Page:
Interview: Arief Yahya
What is Indonesia’s standing in global tourism?
ARIEF YAHYA: Currently, Indonesia’s travel and tourism sector contributes $82.4bn – or 9.6% – of total GDP. Although this is high, it is still lower than regional competitors such as Thailand (20%) and Malaysia (16%). Regarding foreign exchange revenues, Indonesia ranked 9th in 2014, with $11.17bn, again behind Thailand and Malaysia, which had $38.44bn and $21.82bn, respectively. Nevertheless, this only shows the opportunities Indonesia has against regional competitors.
According to projections, tourism will be the biggest contributor of foreign exchange in Indonesia by 2020. The Travel and Tourism Competitiveness Index (TTCI) currently ranks Indonesia 50th. Although this is still below our main regional competitors, Indonesia has shown great improvement since 2013, when it was ranked 70th. Tourism in Indonesia is showing steady growth, coming in at 10.3%, compared to ASEAN’s growth of 5.1% and worldwide growth of 4.4%.
Now, in order to continue promoting Indonesia, it is important to have a strong brand to build up our reputation and advertise and sell our destination. We are really banking on the implementation of our tourism marketing strategy in order to help us reach the target of 20m visitors in 2019. We are aiming to increase our presence through the brand “Wonderful Indonesia” in outdoor media, printed media and TV advertisements, as well as our participation in international fairs, exhibitions, sales missions and festivals.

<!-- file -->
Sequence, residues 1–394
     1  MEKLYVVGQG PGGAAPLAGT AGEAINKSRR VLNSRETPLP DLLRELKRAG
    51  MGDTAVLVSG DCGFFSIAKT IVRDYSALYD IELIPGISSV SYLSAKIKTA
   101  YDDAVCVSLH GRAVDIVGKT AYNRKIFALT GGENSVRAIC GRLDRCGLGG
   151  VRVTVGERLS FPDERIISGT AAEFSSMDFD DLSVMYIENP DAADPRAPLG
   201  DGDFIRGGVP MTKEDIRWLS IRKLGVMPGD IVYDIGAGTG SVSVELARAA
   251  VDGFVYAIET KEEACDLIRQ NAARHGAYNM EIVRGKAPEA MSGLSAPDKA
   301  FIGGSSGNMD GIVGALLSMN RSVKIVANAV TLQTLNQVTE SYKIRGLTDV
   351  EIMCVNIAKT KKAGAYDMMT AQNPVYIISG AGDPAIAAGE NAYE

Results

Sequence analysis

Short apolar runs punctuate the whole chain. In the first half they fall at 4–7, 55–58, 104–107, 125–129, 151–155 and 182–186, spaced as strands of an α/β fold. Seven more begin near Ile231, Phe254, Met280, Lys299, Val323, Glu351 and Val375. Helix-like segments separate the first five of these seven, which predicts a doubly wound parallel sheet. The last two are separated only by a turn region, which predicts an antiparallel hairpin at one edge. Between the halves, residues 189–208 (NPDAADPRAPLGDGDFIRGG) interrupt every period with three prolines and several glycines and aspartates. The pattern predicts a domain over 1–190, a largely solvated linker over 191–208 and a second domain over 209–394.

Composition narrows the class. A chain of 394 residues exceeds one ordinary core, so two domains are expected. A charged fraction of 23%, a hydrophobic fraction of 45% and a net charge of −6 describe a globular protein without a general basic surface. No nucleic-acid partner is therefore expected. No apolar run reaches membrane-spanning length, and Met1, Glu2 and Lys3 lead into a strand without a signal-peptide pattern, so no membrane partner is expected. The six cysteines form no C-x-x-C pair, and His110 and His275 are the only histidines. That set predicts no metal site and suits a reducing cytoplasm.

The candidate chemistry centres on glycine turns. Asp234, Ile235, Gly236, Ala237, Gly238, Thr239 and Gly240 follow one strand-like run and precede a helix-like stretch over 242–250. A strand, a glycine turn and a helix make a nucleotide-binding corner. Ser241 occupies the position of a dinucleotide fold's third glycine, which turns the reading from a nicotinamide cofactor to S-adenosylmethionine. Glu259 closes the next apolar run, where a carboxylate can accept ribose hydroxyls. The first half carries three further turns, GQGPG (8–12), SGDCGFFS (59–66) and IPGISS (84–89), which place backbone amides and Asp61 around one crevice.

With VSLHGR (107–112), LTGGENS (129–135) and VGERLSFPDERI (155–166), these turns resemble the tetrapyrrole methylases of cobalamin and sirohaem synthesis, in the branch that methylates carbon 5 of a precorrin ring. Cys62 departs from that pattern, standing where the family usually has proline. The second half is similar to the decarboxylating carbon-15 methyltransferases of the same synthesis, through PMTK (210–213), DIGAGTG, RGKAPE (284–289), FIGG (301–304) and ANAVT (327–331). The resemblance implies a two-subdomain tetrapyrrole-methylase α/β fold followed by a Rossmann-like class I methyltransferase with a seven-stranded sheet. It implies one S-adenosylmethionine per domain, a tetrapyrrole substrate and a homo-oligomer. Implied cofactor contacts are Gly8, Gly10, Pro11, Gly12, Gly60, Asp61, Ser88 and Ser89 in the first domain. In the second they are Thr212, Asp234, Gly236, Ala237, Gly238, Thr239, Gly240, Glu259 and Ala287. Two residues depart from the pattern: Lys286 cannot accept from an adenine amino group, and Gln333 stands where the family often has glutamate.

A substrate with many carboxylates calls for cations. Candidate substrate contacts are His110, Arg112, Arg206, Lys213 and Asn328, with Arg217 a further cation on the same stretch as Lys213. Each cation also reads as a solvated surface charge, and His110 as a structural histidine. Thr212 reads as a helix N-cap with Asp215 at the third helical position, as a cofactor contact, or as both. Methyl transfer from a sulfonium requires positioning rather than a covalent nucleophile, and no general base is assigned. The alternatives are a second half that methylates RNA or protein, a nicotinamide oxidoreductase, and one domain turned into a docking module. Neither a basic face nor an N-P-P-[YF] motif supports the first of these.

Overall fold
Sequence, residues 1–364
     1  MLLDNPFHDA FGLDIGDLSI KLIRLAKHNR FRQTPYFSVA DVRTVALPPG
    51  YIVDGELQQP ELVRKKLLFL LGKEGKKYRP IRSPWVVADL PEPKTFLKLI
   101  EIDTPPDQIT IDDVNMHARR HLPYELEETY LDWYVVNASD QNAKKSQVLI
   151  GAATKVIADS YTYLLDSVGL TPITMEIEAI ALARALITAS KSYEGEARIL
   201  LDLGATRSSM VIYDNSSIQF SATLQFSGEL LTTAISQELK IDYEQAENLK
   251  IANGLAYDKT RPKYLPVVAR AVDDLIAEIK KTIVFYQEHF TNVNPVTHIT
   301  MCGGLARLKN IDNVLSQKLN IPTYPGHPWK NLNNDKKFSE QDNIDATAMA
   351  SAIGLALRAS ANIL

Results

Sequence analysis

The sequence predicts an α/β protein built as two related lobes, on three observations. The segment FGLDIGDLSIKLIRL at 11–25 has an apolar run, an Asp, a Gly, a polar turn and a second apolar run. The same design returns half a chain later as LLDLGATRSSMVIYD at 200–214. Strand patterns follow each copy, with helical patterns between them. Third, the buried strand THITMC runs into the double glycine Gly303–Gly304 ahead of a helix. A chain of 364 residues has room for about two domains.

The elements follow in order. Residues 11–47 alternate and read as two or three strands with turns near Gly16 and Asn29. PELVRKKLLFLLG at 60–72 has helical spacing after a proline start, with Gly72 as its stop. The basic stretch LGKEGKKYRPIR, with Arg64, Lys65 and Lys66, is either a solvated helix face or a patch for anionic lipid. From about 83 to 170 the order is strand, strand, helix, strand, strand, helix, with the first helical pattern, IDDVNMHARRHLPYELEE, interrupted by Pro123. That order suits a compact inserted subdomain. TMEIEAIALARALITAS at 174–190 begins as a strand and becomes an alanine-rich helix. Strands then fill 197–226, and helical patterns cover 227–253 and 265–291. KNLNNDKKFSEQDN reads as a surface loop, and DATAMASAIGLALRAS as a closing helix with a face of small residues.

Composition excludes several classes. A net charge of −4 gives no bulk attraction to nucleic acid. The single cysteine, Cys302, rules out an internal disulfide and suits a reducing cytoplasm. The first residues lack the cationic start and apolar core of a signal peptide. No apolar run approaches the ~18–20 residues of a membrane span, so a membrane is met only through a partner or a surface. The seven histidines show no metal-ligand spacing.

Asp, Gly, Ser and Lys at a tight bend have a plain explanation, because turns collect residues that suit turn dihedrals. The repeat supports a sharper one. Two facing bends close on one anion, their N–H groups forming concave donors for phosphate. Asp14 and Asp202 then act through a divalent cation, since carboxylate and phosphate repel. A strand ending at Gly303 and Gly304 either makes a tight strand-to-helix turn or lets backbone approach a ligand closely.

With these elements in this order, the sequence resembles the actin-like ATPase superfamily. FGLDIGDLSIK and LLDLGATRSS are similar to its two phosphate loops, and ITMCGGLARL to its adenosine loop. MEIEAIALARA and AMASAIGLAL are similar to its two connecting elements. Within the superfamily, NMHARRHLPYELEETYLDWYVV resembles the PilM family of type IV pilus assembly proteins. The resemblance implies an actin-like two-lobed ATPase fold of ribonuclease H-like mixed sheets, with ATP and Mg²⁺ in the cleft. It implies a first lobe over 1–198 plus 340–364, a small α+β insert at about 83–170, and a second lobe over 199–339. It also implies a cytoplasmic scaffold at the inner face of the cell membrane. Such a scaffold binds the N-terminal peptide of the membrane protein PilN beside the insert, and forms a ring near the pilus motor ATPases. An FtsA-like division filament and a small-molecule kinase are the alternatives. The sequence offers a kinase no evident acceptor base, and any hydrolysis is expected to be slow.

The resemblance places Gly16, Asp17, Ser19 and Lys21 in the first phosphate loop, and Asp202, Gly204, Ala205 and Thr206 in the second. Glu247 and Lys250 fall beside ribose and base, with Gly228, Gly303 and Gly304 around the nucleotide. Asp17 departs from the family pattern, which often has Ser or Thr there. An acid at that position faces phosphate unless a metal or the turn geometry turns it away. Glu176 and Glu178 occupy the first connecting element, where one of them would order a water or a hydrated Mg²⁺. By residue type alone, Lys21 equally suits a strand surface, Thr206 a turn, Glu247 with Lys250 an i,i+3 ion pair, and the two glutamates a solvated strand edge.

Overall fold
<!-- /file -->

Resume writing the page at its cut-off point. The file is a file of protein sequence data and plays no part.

How is Indonesia’s tourism sector seeking to overcome its current challenges?
YAHYA: There are two main challenges for tourism in Indonesia in general. The first is a lack of international openness due to excessive and restrictive regulations regarding national entry. In order to change this, the country has been removing visa requirements. Today there are 169 countries on Indonesia’s visa-free list, which is one of the highest numbers in the world.
The second is related to direct airline flights. Indonesia currently has one of the lowest direct flight ratios in the region, but we are working on improving this. We also need to continue promoting our products and destinations through digital channels, and using the numerous digital tools that increase the reach of our hotels. The government’s current priority sectors include infrastructure, maritime, energy, food and tourism. One of the president’s eight directives includes ensuring the progress of 10 national tourism destinations; we call this project “Creating 10 New Balis”. By 2019, we expect tourism to contribute 15% of the total GDP, account for IDR240trn ($17.52bn) of foreign exchange, create 13m jobs, entertain 20m foreign tourist arrivals and 275m domestic tourists, and jump to 30th place in the TTCI.
What action is Indonesia taking to promote investment in the tourism sector?
YAHYA: Indonesia’s strategy to increase tourism investment has been successful. In 2014 foreign direct investment (FDI) and domestic direct investment (DDI) in tourism accounted for a combined $684.89m, while in 2015 this reached $1.05bn. Since 2013, FDI decreased from 76.74% to 69.82%, while DDI increased from 23.26% to 30.18%. Five sectors receiving FDI account for 97% of the total; these are: star hotels (65.07%), other short-term accommodation providers (16.57%), management consultation (7.62%), restaurant and moving food providers (6.28%) and tourism areas (1.75%). Similarly, the top five provinces receiving FDI in tourism – Bali, DKI Jakarta, Riau Islands, West Java and East Java – account for 88% of the total. In terms of DDI, the first five sectors receive 99% of the total, and the top five provinces account for 72% of the total. To increase tourism investment, Indonesia is focused on improving infrastructure and facilities, amenities, tourism development and the ongoing restoration of key strategic destinations.
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